Scottish fishermen have expressed their extreme disappointment after the breakdown in talks in Edinburgh this week to try and reach an agreement on mackerel allocations in the north-east Atlantic.
Following a series of negotiations in recent weeks, it was thought that the main parties (EU, Norway, Iceland and the Faroes) were moving towards an agreement.
But the recent move by Greenland to set itself an autonomous quota for mackerel this year, resulted in the talks becoming stalled.
Ian Gatt, chief executive of the Scottish Pelagic Fishermen’s Association, said: “We are very disappointed by this latest development, which has thrown a new dimension into the dispute.
“However, it is important that the complex issue of the new Greenland autonomous quota, and what it means for the other coastal states, is resolved in a satisfactory way.”
Bertie Armstrong, chief executive of the Scottish Fishermen’s Federation, said: “The absence of an agreement after four years is a real disappointment.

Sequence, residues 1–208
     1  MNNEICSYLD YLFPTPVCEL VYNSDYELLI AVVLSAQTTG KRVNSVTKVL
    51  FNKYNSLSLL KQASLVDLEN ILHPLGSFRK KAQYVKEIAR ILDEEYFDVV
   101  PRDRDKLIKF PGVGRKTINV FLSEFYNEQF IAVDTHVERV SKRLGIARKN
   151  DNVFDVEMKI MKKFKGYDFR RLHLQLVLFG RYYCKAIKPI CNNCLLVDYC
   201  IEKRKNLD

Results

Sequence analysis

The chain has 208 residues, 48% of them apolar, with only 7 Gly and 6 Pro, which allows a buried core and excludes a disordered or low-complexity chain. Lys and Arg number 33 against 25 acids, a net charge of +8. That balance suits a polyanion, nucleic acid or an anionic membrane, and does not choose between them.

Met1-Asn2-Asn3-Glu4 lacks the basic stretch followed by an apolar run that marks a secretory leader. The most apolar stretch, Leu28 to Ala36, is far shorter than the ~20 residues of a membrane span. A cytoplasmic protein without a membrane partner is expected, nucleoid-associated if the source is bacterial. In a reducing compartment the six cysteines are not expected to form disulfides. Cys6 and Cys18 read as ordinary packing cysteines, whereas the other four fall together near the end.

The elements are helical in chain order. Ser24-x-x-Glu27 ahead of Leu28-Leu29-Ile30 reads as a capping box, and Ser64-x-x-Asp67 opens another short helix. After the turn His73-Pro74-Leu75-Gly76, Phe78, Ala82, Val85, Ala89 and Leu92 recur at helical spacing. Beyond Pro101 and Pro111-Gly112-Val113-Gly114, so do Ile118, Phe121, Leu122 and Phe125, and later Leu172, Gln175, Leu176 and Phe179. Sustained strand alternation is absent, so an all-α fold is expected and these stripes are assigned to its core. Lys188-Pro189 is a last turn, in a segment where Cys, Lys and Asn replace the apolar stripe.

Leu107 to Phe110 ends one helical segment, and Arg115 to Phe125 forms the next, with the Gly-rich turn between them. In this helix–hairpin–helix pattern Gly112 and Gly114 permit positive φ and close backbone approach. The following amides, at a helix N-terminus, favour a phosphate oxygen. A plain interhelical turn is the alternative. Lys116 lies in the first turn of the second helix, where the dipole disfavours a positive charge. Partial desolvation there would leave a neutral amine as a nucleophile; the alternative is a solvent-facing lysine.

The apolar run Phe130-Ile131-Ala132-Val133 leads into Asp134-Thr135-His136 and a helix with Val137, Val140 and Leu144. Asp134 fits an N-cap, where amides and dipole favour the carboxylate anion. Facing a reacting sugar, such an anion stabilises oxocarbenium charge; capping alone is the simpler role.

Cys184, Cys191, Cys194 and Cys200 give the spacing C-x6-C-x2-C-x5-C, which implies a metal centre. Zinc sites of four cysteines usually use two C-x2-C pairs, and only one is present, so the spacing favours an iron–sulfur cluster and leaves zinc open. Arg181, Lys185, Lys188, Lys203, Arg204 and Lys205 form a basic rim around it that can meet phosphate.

“The remaining important catching opportunity negotiations between the EU and Norway are now that much more difficult and where there are still big priorities for Scottish fishing to be met, such as North Sea haddock, cod, saithe and herring.
“The breakdown in the mackerel talks also means there will be no access into Faroese waters for Scottish boats.”
Echoing their dispapointment was Scottish Fisheries Secretary Richard Lochhead who commented: “It is very disappointing that a deal couldn’t be reached.
“This seemed like the best chance in a while to get a deal done and the longer this continues the greater the uncertainty faced by our fishermen. Every country involved in these talks have a responsibility to our fishermen to try and break this deadlock as soon as possible.”